I have something to say about travel: I like it. I want to do more of it. I want to go to as many places that I’m able to visit. When I was still a classroom teacher I imagined that I would spend the three months in the summer being exhausted by traveling. It didn’t work out that way and, having had four children by the age of 23, I mostly spent time driving children to soccer and ballet and taking care of my nieces and nephews that my sisters sent to me for prolonged visits. Not that I minded that, but it certainly made traveling much more difficult. Instead, my summers were filled with traveling to places like Tennessee and Iowa and places within driving distance of my Midwestern home.
Not exactly the “travel” I dreamed of as a young girl.
When I was a child I recall hearing adults ask, “Where would you like to go someday?” and the answer seemed a standard, “Africa” or “Europe” or “Australia”, but it never became more specific than that. In high school, I watched Out of Africa and proceeded to read Isak Dinesen’s book of the same title. My horrid impersonations of Meryl Streep’s accent notwithstanding (I haaaad a faaaam in Aaaafrica), I spent hours between the covers of books. When I read Diary of a Young Girl by Anne Frank I determined that I would begin drinking coffee and eating breads and cheeses for breakfast each morning and that someday I would visit Amsterdam. Then, as an adult, I heard about Belize and decided that I would definitely put it on my list as a place to visit. I remember joking about visiting Africa after the movie The Gods Must Be Crazy was released, but that was due to the fact that it was part screwball comedy and part documentary and was billed as “an epic comedy of absurd proportions”. (Mostly, though, I wanted to visit Botswana and search for empty Coke bottles in the bush.)
Yet, here I am at 41 and I just obtained my first passport. Not long after I secured it I wondered if I would ever go anywhere. Then, seemingly out of nowhere, an invitation to visit Addis Ababa, Ethiopia came from the ONE Moms campaign. Suddenly, I was going to go somewhere. I was going to visit a place that wasn’t surrounded by corn fields or amusement parks. I say that in the past tense, but really it is my future. This Friday I leave for somewhere far away, somewhere not in the country of my birth.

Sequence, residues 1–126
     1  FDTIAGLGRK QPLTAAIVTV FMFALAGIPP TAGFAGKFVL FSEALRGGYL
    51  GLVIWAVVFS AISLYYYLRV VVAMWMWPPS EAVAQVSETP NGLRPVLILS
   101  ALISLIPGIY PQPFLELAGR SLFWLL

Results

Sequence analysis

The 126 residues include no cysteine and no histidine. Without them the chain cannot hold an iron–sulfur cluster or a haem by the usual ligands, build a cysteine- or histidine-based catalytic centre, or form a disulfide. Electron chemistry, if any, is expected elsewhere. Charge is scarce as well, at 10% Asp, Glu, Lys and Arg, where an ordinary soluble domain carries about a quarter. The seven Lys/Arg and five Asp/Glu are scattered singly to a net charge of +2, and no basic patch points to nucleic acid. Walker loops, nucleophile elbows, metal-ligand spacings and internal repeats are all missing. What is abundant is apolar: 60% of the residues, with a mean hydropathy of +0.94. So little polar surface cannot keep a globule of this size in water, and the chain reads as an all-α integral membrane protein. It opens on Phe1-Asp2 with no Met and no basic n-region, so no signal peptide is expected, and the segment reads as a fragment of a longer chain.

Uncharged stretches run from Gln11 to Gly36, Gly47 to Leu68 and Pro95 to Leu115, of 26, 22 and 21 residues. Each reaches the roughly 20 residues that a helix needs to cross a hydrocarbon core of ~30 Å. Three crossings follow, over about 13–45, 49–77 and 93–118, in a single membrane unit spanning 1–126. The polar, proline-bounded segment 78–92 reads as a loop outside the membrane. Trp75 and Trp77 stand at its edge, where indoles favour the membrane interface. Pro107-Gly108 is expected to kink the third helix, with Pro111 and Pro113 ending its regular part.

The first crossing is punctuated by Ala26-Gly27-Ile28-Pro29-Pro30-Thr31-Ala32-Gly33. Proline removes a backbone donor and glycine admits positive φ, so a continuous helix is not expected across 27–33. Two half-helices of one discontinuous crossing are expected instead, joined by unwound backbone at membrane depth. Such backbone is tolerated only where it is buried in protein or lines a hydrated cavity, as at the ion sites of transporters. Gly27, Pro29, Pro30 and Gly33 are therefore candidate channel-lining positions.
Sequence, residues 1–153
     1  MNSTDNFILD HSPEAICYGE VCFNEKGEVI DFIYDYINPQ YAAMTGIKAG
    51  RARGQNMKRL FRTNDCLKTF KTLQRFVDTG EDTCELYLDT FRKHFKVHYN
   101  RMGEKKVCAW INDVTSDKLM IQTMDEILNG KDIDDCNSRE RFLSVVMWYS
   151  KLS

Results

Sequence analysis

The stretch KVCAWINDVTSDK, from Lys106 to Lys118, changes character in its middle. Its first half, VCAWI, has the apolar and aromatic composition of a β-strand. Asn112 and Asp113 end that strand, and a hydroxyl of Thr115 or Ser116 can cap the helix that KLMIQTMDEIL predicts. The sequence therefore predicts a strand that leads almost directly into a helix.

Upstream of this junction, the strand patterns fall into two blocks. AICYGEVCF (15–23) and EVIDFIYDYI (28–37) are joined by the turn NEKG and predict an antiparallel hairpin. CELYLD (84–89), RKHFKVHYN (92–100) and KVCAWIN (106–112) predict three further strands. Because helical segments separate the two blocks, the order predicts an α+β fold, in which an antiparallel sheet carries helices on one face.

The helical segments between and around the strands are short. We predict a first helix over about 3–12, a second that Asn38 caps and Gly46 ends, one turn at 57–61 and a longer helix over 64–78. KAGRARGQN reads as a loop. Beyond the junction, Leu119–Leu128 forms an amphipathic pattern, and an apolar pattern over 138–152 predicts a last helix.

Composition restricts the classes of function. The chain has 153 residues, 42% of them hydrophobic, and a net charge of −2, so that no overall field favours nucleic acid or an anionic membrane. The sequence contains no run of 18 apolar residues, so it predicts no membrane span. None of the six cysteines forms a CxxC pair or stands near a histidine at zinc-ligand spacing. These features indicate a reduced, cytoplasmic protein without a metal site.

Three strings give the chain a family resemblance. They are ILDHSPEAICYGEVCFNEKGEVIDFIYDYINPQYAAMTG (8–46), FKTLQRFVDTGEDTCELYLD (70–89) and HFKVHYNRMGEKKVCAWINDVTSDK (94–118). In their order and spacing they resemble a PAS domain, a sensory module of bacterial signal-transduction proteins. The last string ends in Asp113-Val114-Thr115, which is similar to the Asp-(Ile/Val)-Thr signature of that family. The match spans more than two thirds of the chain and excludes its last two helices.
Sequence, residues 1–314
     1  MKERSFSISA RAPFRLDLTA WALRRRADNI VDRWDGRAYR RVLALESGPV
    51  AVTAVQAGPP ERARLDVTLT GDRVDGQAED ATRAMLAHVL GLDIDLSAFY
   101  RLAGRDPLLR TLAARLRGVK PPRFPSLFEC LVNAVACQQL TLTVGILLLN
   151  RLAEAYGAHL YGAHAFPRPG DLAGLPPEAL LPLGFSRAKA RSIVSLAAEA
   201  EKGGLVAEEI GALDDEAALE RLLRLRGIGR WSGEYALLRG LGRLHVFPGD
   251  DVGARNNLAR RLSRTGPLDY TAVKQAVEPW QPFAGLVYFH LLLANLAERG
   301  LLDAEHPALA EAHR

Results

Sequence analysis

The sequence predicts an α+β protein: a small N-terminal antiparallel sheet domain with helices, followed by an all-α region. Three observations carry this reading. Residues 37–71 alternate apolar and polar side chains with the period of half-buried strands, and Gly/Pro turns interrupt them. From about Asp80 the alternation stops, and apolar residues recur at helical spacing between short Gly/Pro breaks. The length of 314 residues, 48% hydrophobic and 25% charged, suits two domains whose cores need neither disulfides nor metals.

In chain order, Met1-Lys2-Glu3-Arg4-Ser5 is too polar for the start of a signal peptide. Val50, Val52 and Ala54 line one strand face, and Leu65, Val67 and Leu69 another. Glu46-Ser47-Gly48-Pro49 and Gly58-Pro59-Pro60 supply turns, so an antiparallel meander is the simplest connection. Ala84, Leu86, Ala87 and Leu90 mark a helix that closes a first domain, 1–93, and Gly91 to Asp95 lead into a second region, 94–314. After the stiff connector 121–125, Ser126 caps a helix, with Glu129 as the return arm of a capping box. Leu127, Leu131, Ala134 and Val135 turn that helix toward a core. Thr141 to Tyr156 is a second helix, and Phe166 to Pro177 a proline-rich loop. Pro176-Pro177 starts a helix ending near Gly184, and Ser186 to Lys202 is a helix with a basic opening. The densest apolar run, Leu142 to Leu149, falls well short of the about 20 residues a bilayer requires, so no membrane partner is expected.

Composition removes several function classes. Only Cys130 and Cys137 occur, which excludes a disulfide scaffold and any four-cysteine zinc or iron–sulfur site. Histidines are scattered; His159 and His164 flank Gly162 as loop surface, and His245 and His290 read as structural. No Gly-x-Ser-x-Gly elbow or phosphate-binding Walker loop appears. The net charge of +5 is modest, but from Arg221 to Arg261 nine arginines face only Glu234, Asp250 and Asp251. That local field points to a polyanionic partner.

Now, everything I know about being an American, a mom, a woman, and an educator will shift. All the questions I didn’t have are clouding my brain. What are mothers like there? How do they get their children to behave or eat healthy food? What does it take to educate a child in Africa? How are African mothers like American mothers in setting goals for their children and hoping for their futures? What scares Africans about their country and government and how, if at all, do they express it? I will, as always, look for more in common than is different and seek out ways to hear and then tell their stories. Isak and Anne had stories. Everyone does.
I tell my stories regularly to all who will (blessedly) listen. That’s what journaling and blogging has done for me. It’s reminded me that my stories are similar to other mothers and it’s taught me, as a mother who blogs her life, that my experience is worth something. Maybe I haven’t gotten a chance to travel, but I hope that I have a wealth of knowledge to pass on to younger mothers as I have learned from those wise women who have helped me be the best version of a mother.
All the advice I’ve gotten from friends about traveling has proven to me that once you go way outside of your comfort zone to a foreign country, you come back changed and your perspective shifts and you wonder about what is really important. Have I been focused on the wrong thing? Maybe. Do I need a swift kick to the head in order to appreciate my life? Of course I do. That’s what I was thinking when I initially learned about this trip. I have thought of little else since that moment.
This photo of an Ethiopian mother makes me want to feel and see and hear that connection and know what her story is.
Everyone has one. I do. You do. Everyone does. I aim to find mothers in Ethiopia who will tell me theirs.